The frightfully grand gardens of the past canaerial Eyrignac sometimes also surprise us with their human, livable scale.

At the Manoir d’Eyrignac, garden ‘rooms’ are created with living walls of clipped yew and decorated with topiary; abstract statues in Taxus (yew) and Buxus (box). And all decorated in green.

Like the classic French Renaissance gardens of Versailles, and Fontainebleau, this garden deep in the rolling hills of Perigord boasts the design skill and understanding of geometry and perspective used in classical Roman landscaping and taken up enthusiastically first by the Italians then across Europe.

Eyrignac towerArrow-straight avenues focus the eye on a distant urn, processions of green obelisks, squares, spheres march to the horizon or stand as sentinels to views. All around, perspective is heightened and sometimes tricked; the head gardener actually hand-clips the yews smaller and smaller as they recede just to increase depth of field.

There is a refined elegance to the older part of the garden, those nearest the house. A series of grids of pathways of cobble and lawn extend away from the house; leading in and out of deep, welcoming shadows and flat summer sun, and out eventually to views of the wide farmland horizons. This part of the garden’s colour palette is kept restrained to only white and blue; Gaura, Impatiens, Ceonothus… and the froth of 700 white roses.

Despite its formality, my favourite image from Manoir d’Eyrignac is of the relaxed comfy-seating area just off the gravel forecourt. Shabby-chic chairs surrounded by those clipped yews sums up the interesting balance of grandeur and human-scale ‘livability’ of this garden. The same family has owned this manoir for 500 years, passing it down through 22 generations; it’s a real home.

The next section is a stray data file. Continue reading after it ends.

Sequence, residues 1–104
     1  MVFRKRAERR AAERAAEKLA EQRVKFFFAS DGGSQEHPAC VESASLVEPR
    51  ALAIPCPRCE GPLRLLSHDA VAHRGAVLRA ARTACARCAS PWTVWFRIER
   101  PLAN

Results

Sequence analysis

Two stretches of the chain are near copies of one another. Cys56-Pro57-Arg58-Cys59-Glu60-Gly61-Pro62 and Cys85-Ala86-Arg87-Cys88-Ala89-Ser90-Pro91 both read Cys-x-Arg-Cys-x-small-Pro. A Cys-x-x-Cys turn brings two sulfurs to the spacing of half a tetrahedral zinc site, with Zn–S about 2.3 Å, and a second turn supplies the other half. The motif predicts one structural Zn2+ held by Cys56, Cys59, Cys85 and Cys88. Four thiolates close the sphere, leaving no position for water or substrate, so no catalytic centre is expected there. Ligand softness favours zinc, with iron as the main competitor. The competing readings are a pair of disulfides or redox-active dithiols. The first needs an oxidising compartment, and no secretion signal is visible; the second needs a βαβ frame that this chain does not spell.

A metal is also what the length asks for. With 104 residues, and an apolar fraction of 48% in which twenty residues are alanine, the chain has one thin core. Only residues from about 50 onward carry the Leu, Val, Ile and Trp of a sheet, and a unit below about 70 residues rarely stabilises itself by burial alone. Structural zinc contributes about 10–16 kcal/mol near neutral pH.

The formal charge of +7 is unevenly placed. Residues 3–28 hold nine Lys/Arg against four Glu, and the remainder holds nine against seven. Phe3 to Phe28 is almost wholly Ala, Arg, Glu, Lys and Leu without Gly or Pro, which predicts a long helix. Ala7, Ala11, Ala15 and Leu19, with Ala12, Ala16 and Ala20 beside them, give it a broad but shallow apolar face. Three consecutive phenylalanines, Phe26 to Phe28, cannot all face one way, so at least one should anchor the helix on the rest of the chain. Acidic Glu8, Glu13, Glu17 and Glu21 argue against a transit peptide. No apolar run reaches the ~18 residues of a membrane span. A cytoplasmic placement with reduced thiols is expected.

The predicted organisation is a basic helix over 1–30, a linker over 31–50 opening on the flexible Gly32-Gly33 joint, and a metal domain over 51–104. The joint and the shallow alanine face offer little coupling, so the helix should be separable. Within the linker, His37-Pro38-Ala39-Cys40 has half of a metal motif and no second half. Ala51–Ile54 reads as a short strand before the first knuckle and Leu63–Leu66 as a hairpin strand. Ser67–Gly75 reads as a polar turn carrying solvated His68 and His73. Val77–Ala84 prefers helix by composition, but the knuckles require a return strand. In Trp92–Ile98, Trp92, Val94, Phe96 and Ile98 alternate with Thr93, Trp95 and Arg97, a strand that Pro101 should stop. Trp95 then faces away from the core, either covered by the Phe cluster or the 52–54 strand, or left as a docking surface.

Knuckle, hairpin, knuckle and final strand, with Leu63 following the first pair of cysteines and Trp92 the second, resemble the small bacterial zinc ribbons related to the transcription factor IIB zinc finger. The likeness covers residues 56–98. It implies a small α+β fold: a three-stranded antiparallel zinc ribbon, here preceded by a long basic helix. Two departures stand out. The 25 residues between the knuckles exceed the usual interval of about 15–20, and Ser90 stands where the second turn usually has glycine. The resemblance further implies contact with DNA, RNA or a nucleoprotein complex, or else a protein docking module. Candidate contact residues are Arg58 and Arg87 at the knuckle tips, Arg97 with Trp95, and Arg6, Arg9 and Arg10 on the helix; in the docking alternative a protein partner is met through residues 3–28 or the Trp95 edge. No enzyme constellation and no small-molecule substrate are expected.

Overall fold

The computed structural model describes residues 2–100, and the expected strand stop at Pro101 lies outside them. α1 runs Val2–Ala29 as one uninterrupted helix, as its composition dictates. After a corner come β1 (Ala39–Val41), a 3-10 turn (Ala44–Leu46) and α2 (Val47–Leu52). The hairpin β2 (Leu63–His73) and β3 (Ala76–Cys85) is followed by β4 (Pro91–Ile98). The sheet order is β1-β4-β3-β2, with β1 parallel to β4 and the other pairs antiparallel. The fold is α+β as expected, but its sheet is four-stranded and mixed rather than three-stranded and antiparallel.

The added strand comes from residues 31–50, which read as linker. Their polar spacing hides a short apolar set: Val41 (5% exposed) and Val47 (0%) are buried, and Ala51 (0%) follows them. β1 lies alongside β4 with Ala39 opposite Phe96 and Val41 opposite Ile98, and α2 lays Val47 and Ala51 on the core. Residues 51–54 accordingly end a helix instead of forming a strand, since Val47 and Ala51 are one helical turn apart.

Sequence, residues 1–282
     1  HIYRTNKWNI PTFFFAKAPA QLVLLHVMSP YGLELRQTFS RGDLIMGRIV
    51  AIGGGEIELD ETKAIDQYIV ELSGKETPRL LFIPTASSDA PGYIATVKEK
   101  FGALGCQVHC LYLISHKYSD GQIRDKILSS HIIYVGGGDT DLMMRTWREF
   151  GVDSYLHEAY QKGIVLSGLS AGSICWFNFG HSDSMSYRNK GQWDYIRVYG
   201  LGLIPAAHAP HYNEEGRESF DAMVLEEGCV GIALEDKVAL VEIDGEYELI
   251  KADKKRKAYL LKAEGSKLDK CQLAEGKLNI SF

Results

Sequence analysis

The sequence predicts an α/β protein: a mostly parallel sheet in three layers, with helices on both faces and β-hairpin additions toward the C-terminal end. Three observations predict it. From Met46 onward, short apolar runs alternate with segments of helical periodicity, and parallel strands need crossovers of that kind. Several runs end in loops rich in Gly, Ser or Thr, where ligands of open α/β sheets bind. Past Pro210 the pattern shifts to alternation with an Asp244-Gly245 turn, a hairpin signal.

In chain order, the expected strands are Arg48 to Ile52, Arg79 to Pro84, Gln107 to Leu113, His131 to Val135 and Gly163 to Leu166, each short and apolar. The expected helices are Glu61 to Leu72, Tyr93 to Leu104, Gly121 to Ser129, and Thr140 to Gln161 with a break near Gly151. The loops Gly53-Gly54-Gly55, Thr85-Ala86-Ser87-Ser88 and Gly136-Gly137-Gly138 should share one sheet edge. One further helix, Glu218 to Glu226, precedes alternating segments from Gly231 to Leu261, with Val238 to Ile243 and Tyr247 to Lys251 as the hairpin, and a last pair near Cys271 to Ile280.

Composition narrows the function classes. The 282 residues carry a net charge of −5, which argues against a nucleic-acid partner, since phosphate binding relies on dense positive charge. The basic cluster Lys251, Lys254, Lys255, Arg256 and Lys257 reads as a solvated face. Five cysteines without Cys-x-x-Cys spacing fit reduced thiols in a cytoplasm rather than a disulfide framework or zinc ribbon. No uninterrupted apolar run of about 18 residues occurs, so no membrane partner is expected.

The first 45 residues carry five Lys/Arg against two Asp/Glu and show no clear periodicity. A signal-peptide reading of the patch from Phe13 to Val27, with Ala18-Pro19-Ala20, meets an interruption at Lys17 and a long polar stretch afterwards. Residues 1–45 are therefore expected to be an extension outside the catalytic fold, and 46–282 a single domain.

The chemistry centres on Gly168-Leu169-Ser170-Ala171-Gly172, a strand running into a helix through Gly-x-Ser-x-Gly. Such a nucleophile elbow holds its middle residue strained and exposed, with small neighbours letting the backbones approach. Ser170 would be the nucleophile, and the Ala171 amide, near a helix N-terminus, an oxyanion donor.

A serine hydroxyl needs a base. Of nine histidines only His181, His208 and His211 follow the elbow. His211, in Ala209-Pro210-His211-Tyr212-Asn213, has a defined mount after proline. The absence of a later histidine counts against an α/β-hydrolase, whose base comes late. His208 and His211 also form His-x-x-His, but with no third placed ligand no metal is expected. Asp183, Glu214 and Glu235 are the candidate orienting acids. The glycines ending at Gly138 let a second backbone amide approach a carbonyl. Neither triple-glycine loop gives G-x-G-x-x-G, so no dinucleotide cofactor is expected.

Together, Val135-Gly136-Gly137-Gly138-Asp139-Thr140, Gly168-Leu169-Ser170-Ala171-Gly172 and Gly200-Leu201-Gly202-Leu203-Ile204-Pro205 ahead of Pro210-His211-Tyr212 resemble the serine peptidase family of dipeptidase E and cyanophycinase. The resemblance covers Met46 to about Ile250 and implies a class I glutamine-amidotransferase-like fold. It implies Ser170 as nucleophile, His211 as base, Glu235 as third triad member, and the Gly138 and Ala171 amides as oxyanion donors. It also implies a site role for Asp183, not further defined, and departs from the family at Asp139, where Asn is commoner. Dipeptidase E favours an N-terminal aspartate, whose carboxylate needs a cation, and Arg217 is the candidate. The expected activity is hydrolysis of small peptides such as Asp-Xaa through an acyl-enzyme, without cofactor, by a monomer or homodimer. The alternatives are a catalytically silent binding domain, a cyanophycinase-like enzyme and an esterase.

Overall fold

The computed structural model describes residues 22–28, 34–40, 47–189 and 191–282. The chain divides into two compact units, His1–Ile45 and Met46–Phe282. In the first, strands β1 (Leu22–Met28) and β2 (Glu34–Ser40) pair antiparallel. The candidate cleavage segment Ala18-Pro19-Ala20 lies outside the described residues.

Stop and stare moments around the gardens include the long formal pool fed by a thundering water-spout, winding yew tunnels and an unexpectedly blowsy cutting garden hidden round the side of the manoir, tended by a cheerful lady with secateurs and deeply French-accented English. I think I’d be cheerful too, working here…

Further from the house, new garden layouts have been planted by the family but for me are less successful. Water-spouting frogs and frilly bedding plants, while very French, seem too busy and eager to please compared to the restrained confidence of the original ‘green rooms’.

It reminded me that, with true elegance and a great bone structure, less is definitely more.

Eyrignac apple lavendar orchard

Eyrignac easy chairs

Eyrignac lawn view

Eyrignac manor topiaryEyrignac topiary
Eyrignac dahlia cottage
Eyrignac formal water

Eyrignac metal chairsThe take-away:

  • 1930’s easy chairs
  • Playing with perspective using differing plant sizes and planted avenues
  • Pairs of objects as frames
  • Tunnels and shadows to provide jolts to the senses

French garden lingo:

  • parterres – ‘partitions’ – or beds edged in clipped hedging
  • espalier – plants trained to walls
  • berceaux – ‘cradles’ – arbours of branches intertwined
  • bosquets – walks cut through forest

Link to the official site for Manoir d’Eyrignac